Survey methods are based on the opinions of customers and are thus reasonably accurate if performed correctly. In performing a survey, the survey’s target group needs to be identified.[3] This can be achieved by considering why the forecast is being conducted in the first place. Once the target group has been identified, a sample must be chosen. The sample is a sub-set of the target and must be chosen so that it accurately reflects everyone in the target group.[3] The survey must then pose a series of questions to the sample group and their answers must be recorded.

The recorded answers must then be analyzed using statistical and analytical methods. The average opinion and the variation about that mean are statistical analytical techniques that can be used.[3] The results of the analysis should then be checked using alternative forecasting methods and the results can be published.[3] It must be kept in mind that this method is only accurate if the sample is a balanced and accurate subset of the target group and if the sample group has accurately answered the questions.[3]

Time series methods[edit]

Time series methods are based on measurements taken of events on a periodic basis.[2] These methods use such data to develop models which can then be used to extrapolate into the future, thereby generating the forecast. Each model operates according to a different set of assumptions and is designed for a different purpose. Examples of Time Series Methods are:[2]

  • Exponential smoothing – This method is based on a moving average of the data being analyzed, e.g. a moving average of sales figures
  • Cyclical and seasonal trends – This method focuses on previous data to help define a pattern or trend that occurs in cyclic or seasonal periods. Researchers can then use current data to adjust the pattern so that it fits this period’s data, and in so doing can forecast what will happen during the remainder of the current season or cycle.
  • Statistical models – Statistical models allow the researcher to develop statistical relationships between variables. These models are based on current data and by means of extrapolation, a future model can be created. Extrapolation techniques are based on standard statistical laws, thus improving the accuracy of the prediction. Statistical techniques not only produce forecasts but also quantify precision and reliability. Examples of this are the ERLANG B and C formulae, developed in 1917 by the Danish mathematician Agner Erlang.

Analogous methods[edit]

Analogous Methods involve finding similarities between foreign events and the events that are being studied. The foreign events are usually selected at a time when they are more “mature” than current events. No foreign event will perfectly mirror current events and this must be kept in mind so that any necessary corrections can be made. By examining the foreign, more mature, set of events, the future of current events can be forecast.[2]

Analogous methods can be split up into two groups namely:[2]

  • Qualitative (symbolical) models
  • Quantitative (numeric) models

Causal models[edit]

Causal Models are the most accurate form of forecasting, and the most complex. They involve creating a complex and complete model of the events being forecast. The model must include all possible variables, and must be able to predict every possible outcome.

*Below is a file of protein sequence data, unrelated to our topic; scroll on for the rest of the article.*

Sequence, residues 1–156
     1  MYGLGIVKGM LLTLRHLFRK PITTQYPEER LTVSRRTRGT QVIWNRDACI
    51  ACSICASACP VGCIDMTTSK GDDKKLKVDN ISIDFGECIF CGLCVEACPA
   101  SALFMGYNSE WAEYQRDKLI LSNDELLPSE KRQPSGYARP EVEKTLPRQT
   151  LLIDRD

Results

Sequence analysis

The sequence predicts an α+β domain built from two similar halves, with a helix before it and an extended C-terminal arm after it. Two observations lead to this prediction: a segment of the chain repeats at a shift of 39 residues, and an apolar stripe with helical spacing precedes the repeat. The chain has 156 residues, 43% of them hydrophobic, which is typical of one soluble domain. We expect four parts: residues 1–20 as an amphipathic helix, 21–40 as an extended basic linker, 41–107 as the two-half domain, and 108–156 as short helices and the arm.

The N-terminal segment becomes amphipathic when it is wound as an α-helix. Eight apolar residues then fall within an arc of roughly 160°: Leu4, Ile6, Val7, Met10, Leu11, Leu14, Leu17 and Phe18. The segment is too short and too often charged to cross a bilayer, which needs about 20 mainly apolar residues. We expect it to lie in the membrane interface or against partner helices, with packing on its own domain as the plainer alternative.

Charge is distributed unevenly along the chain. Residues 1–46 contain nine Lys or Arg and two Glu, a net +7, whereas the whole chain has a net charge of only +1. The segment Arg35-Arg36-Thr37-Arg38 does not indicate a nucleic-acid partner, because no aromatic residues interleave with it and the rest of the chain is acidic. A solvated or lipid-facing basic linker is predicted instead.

Causal Models are often so complex that they can only be created on computers. They are developed using data from a set of events. The model is only as accurate as the data used to develop it.[2]

Combination forecasts[edit]

Combination Forecasts combine the methods discussed above. The advantage is that in most cases accuracy is increased; however a researcher must be careful that the disadvantages of each of the above methods do not combine to produce compound errors in forecasts. Examples of combination forecasts include: “Integration of Judgment and Quantitative Forecasts” and “Simple and Weighted Averages”.[2]

Determining forecast accuracy[edit]

It is difficult to determine the accuracy of any forecast, as it represents an attempt to predict future events, which is always challenging. To help improve and test forecast accuracy researchers use many different checking methods. A simple checking method involves the use of several different forecasting methods and comparing the results to see if they are more or less equal. Another method can involve statistically calculating the errors in the forecasting calculation and expressing them in terms of the root mean squared error, thereby providing an indication of the overall error in the method. A sensitivity analysis can also be useful, as it determines what will happen if some of the original data upon which the forecast was developed turned out to be wrong. Determining forecast accuracy, like forecasting itself, can never be performed with certainty and so it is advisable to ensure that input data is measured and obtained as accurately as possible, the most appropriate forecasting methods are selected, and the forecasting process is conducted as rigorously as possible.[2]

References[edit]

  1. ^ Farr R.E., Telecommunications Traffic, Tariffs and Costs – An Introduction For Managers, Peter Peregrinus, 1988.
  2. ^ a b c d e f g h i j k l m n Kennedy I. G., Forecasting, School of Electrical and Information Engineering, University of the Witwatersrand, 2003.
  3. ^ a b c d e Goodman A., Surveys and Sampling, 7th November 1999 http://deakin.edu.au/~agoodman/sci101/index.html Last accessed 30 January 2005.